Now the Graduale Synopticum offers the same sort of synoptic tables for the propers of the Mass, allowing one easily to analyze the most ancient musically-notated versions of this repertoire. The result is similar to the Graduale Triplex, but much enriched with several additional manuscript sources.
A truly spectacular achievement, invaluable for anyone interested in Gregorian chant.
That it is Doubly Temerarious to Demolish Jubés in Churches
And so, given that jubés in churches are an ancient institution, that they are the fruits of the piety of our forefathers, that they are the work of their hands, is it not temerarious to cast them onto the ground? In the end, what right, what authority, or what attribute do these Ambonoclasts have to attack the ancients on a matter of which the entire Church approves and which the entirety of Tradition supports? The Wise Man warns us in the book of Proverbs against transgressing the bounds our forefathers set down: Non transgrediaris terminos quos posuerunt Patres tui; yet the Ambonoclasts are certain to have transgressed them. Are they wiser, cleverer, more pious, or more zealous than our forefathers, that they dare thus criticize their ways?
St. Bernard reflected upon a similar principle in his letter to the canons of Lyons, who had decided to celebrate in their Church the feast of the Conception of the Blessed Virgin. This holy abbot, who disliked novel devotions, unless they were solidly established, told them that they were making a grave mistake in celebrating a feast that was not authorized by the customs of the Church, nor by right reason, nor by ancient tradition: Novum inducendo celebritatem quam ritus Ecclesiæ nescit, non probat ratio, non commendat antiqua traditio. And, in order to persuade them, he said to them, inter alia, that they were not wiser, nor more devout than their forefathers, and it was with dangerous presumption that they accepted a feast their forefathers had wisely rejected: Numquid Patribus doctiores aut devotiores sumus? Periculose præsumimus quidquid ipsorum in talibus prudentia præterivit.
This great saint might have formulated this line of reasoning based on what St Augustine wrote to Cafulanus, that when it comes to the things about which Holy Scripture has not decided anything, the customs of the people of God and the practices of the ancients must have force of law: In his rebus, de quibus nihil certi statuit Scriptura divina, mos populi Dei, et instituta majorum pro lege tenenda sunt.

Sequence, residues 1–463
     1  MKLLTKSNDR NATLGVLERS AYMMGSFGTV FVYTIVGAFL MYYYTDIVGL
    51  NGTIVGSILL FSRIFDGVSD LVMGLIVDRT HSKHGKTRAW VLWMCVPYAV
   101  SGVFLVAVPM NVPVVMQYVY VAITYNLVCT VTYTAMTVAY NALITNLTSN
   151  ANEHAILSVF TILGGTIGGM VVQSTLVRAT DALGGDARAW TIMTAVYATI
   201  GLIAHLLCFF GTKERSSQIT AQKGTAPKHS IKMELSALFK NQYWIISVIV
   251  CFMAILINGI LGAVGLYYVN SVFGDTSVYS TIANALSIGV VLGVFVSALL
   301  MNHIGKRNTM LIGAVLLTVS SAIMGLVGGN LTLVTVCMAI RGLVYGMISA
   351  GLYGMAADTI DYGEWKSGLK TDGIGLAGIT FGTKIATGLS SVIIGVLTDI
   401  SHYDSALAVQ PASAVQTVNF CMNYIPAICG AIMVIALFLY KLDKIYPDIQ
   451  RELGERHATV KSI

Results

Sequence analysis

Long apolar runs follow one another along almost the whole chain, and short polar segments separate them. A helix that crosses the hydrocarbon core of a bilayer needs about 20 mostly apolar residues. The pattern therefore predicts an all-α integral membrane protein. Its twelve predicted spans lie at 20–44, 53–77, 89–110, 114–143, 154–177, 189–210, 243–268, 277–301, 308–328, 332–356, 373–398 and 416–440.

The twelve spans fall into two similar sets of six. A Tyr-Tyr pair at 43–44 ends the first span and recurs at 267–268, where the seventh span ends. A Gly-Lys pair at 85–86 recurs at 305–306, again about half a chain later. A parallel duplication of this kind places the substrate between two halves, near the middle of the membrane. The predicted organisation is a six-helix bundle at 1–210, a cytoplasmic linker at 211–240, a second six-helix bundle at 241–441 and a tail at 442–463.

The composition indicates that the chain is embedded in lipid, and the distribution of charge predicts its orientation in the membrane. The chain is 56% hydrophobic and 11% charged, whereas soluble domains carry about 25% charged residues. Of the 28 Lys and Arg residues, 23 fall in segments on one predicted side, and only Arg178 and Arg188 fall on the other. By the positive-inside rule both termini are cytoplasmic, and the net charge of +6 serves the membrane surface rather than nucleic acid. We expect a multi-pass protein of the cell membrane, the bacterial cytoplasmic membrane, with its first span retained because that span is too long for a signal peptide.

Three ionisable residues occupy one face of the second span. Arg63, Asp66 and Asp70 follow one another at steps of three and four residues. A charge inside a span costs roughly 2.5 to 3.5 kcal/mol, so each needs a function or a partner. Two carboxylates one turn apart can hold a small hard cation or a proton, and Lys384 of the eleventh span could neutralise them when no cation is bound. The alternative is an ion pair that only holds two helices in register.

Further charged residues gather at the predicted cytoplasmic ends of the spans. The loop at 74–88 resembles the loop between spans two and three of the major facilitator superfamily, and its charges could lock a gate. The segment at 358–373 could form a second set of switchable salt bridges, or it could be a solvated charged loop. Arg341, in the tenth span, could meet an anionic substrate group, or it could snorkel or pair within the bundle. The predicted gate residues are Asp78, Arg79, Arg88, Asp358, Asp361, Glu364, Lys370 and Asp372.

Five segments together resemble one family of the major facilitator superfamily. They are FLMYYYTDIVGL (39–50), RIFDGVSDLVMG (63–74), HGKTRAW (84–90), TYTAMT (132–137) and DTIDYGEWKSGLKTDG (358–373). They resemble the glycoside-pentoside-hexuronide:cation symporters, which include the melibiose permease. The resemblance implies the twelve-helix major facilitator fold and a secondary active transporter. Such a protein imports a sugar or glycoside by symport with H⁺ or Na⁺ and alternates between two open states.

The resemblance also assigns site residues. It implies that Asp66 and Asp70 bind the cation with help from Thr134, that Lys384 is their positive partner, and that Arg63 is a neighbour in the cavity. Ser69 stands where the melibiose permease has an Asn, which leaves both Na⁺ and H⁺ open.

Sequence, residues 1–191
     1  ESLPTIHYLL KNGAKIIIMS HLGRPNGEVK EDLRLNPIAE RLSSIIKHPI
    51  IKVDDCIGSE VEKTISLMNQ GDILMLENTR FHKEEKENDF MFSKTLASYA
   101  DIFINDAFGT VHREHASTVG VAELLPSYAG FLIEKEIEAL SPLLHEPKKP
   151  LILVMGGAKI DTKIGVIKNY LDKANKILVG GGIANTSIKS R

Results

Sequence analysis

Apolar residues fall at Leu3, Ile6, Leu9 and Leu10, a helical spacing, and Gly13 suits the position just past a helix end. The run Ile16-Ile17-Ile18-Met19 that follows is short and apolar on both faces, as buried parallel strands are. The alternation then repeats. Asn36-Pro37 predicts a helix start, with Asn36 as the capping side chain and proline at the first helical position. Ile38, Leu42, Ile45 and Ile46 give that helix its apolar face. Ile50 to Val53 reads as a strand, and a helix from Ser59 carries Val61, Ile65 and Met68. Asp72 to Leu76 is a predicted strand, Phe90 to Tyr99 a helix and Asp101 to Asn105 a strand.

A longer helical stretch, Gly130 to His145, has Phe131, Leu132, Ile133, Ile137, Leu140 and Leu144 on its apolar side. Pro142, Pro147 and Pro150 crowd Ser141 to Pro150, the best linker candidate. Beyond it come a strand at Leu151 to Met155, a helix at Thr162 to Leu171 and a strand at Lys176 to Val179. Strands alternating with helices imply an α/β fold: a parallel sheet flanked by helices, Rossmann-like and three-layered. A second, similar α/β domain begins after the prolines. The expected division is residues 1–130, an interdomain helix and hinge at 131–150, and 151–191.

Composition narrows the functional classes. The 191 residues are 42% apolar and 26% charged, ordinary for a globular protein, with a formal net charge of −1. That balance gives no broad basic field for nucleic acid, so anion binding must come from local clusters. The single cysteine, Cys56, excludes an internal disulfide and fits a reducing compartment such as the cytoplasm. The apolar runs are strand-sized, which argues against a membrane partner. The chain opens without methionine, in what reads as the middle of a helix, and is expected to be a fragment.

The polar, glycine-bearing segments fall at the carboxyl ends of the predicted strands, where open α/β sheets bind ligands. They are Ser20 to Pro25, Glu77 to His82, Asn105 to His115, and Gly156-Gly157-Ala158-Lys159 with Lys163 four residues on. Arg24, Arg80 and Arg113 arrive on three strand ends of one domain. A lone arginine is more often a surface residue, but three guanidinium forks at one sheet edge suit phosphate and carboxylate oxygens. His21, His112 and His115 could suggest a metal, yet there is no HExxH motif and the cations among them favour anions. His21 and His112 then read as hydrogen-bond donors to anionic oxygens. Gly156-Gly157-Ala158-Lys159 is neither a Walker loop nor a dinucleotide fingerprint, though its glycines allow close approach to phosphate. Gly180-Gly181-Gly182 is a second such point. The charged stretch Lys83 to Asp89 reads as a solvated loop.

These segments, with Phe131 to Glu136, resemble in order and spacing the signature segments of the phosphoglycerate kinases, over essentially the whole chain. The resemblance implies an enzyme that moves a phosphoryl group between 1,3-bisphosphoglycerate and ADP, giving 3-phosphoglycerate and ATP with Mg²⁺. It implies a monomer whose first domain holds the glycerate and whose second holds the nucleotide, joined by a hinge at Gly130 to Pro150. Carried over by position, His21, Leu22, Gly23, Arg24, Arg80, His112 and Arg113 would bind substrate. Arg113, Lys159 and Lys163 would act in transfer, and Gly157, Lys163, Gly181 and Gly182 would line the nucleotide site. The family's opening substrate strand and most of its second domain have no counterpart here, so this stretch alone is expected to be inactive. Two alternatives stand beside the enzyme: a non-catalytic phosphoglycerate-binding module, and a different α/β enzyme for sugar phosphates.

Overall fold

In Cassian, Abba Theonas states the same thought when he says that one must have recourse to the authority of the ancients, and receive with respect the practices that they have handed down to us, without even examining the reasons they had in handing them down to us. Oportet nos (these are his own words) auctoritati Patrum, consuetudinique majorum, usque ad nostrum tempus per tantam annorum seriem protelatæ, etiam non percepta ratione cedere, eamque, ut antiquitus tradita est, jugi observantia ac reverentia custodire.
This is also the sentiment expressed by Emperor Justinian, for he declares that customs are like laws: Diuturni mores, consensu utentium approbati, legem imitantur. He adds that ancient customs must be preserved and one must not stray from the reasons whereupon they are based, and that the presidents or governors of the provinces must ensure that nothing is done contrary thereto: Consuetudo præcedens (he says) et ratio quæ consuetudinem suasit, custodienda est; et ne quid contra longam consuetudinem fiat, ad solicitudinem suam revocabit Præses provinciæ.
The provincial council of Sens held in Paris in 1528 explains Abba Theonas’ maxim to show that one must always keep ancient customs and enter entirely into their spirit.
The monk Gratian repeats in his Decretals what we have just learned from Justinian, that ancient customs are like laws. He also reports what we have just cited from St Augustine, but he adds one thing which would not be unworthy of the utmost consideration by the Ambonoclasts, viz. that those that violate divine laws and those who despise the customs of the Churches must both be equally punished: Sicut prævaricatores divinarum legum, ita contemptores Ecclesiarum consuetudinum coercendi sunt.
But the temerity of the Ambonoclasts is again in evidence in that, by bringing down jubés to the ground, they significantly alter the shape of churches. Where have they found that individuals were ever allowed to do such a thing, or that such a thing was ever left to their discretion?